"It looks like a new investigation into the use of ethanol as a substitute for gasoline found pretty much what most people have known all along—it’s just a bad idea.
Car mechanics know it. Drivers know it. Food analysts know it. Land conservationists know it. The last bastion of holdouts (aside from Midwestern corn farmers and their Congressional representatives) were the climate change do-gooders, claiming that all of the above sacrifices were small prices to pay for the benefit to the climate that ethanol was producing. After all, they argued, burning ethanol produces fewer carbon dioxide emissions on net than burning “fossil” fuels because the carbon liberated in the process (for more on liberated carbon check out Andy Revkin’s contribution) was being recycled at a quicker rate than the geologic times scales necessary to produce oil.
While this may be technically true, it turns out that the rate of ethanol carbon recycling was being oversold by its supporters. At least this is the conclusion of a new paper authored by John DeCicco of the University of Michigan Energy Institute and colleagues. According to the paper’s press release:
A new study from University of Michigan researchers challenges the widely held assumption that biofuels such as ethanol and biodiesel are inherently carbon neutral.Interestingly, the U.S. Environmental Protection Agency has recently been called to task for not investigating the supposed climate impact of the Congressionally mandated ethanol standards—a report that the EPA was required to produce by law. The EPA’s response: “we ran out of money and Congress didn’t pay attention to us last time we tried to issue a report.” But, they said they’d get right on it—and have a report ready by 2024.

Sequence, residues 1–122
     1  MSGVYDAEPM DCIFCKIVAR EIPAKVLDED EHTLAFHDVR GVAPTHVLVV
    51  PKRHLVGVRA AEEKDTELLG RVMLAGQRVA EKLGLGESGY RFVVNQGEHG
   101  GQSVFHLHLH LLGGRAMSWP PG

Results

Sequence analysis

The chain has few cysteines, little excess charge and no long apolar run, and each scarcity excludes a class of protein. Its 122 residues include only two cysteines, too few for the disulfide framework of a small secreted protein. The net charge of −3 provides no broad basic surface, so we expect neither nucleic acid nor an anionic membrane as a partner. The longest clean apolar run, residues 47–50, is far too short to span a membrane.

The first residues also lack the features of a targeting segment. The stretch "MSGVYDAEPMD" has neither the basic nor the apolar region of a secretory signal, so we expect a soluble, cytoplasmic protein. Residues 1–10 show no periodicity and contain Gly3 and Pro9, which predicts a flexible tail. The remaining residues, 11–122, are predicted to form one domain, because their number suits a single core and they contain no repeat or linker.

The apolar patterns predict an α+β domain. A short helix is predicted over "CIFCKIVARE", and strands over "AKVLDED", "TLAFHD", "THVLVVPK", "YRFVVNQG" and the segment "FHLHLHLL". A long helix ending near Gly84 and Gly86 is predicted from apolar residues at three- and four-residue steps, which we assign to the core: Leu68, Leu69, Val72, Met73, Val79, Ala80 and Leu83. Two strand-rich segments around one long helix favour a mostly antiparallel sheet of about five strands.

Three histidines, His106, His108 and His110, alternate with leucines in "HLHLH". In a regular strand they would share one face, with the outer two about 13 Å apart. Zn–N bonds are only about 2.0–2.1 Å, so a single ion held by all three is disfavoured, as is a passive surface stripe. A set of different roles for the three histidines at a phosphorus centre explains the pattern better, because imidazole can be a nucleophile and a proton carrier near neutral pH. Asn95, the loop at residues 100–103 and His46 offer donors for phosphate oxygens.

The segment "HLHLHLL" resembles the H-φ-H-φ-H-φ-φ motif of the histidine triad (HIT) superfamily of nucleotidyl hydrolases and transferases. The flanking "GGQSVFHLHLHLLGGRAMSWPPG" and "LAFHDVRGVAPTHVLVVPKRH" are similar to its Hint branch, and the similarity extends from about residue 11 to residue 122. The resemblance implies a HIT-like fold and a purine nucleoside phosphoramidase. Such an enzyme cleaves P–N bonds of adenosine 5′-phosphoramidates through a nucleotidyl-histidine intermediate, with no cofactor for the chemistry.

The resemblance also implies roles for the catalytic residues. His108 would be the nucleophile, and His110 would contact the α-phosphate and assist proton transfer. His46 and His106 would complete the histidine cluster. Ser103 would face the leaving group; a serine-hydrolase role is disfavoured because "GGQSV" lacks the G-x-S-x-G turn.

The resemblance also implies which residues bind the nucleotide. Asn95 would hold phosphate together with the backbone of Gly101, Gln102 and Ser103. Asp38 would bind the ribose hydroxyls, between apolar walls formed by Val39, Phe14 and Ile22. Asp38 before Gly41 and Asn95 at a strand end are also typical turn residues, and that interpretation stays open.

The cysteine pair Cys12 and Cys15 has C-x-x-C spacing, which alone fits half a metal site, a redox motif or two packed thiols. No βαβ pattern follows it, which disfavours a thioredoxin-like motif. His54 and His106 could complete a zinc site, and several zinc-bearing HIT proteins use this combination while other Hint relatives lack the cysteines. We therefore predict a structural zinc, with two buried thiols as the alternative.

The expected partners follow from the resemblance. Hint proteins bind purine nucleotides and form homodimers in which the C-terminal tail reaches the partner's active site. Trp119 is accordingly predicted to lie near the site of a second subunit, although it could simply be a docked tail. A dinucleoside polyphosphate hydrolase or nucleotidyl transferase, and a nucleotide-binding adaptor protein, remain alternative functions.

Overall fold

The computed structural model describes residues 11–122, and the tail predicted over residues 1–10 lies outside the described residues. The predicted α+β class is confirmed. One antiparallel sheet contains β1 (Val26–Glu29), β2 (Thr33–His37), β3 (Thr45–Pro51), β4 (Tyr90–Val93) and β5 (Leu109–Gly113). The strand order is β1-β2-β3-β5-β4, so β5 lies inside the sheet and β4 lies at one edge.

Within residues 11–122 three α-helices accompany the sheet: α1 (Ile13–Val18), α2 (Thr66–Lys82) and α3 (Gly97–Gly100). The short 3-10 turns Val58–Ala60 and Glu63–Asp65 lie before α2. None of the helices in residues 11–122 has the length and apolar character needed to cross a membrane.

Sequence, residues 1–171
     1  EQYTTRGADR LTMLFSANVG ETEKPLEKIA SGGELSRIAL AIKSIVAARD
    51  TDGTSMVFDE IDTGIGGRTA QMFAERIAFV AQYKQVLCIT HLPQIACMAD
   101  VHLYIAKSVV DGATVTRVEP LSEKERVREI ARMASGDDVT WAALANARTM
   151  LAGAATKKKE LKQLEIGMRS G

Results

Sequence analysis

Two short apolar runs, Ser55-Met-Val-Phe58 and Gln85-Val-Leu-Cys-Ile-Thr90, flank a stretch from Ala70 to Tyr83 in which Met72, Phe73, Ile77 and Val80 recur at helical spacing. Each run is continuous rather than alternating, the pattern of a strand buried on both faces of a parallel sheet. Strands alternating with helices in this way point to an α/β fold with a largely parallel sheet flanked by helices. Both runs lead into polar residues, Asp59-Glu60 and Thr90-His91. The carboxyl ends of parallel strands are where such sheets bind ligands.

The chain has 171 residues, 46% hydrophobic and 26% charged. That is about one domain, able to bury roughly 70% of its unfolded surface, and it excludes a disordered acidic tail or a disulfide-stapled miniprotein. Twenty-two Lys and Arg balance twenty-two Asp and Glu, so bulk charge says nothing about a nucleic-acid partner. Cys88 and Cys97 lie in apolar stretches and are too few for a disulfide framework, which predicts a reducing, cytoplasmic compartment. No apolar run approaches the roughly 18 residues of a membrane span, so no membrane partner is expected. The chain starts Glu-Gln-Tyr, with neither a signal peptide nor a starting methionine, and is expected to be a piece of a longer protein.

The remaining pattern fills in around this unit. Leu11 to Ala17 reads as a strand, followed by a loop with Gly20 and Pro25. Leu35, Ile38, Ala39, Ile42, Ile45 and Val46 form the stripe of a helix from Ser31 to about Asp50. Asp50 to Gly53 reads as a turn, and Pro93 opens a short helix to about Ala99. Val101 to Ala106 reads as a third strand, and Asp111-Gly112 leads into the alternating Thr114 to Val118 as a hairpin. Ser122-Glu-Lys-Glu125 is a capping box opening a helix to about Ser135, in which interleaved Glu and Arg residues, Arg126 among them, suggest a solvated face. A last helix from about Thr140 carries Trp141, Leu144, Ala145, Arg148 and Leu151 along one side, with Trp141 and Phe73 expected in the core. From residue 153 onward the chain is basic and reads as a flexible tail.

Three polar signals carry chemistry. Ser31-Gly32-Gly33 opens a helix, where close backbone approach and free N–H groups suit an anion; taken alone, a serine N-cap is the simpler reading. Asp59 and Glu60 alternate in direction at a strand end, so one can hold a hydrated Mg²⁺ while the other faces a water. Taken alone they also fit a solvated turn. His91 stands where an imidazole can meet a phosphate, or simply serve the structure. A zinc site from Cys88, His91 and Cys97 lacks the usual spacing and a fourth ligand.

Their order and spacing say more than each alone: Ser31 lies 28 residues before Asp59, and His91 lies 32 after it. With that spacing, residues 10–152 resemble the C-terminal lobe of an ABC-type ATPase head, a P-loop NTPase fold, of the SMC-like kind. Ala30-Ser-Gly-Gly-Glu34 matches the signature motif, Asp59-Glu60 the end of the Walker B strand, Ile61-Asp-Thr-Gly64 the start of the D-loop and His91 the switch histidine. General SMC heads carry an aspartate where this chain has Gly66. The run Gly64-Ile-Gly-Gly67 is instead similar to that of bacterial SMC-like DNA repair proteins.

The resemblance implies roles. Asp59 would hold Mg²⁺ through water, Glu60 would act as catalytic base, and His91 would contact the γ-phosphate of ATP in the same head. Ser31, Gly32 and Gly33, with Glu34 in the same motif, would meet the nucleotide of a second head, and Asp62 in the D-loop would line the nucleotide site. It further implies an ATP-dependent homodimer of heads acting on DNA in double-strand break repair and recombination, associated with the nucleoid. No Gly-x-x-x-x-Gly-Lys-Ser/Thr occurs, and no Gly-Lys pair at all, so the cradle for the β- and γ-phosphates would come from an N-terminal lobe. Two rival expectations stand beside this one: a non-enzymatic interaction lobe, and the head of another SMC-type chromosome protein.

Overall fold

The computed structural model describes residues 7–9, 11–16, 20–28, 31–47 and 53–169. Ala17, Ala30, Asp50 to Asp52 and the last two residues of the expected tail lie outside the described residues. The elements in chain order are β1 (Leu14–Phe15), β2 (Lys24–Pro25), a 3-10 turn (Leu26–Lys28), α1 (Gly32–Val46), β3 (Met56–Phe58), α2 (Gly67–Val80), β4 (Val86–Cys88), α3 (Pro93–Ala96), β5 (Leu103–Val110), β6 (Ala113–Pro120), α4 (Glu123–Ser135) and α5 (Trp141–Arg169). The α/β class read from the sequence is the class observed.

Contrary to popular belief, the heat-trapping carbon dioxide gas emitted when biofuels are burned is not fully balanced by the CO2 uptake that occurs as the plants grow, according to a study by research professor John DeCicco and co-authors at the U-M Energy Institute.
The study, based on U.S. Department of Agriculture crop-production data, shows that during the period when U.S. biofuel production rapidly ramped up, the increased carbon dioxide uptake by the crops was only enough to offset 37 percent of the CO2 emissions due to biofuel combustion.
The researchers conclude that rising biofuel use has been associated with a net increase—rather than a net decrease, as many have claimed—in the carbon dioxide emissions that cause global warming. The findings were published online Aug. 25 in the journal Climatic Change.
We have a better idea: skip the report and just drop the standards."
Tuesday, August 30, 2016
Rising biofuel use has been associated with a net increase in the carbon dioxide emissions that cause global warming
From Patrick J. Michaels and Paul C. "Chip" Knappenberger of Cato.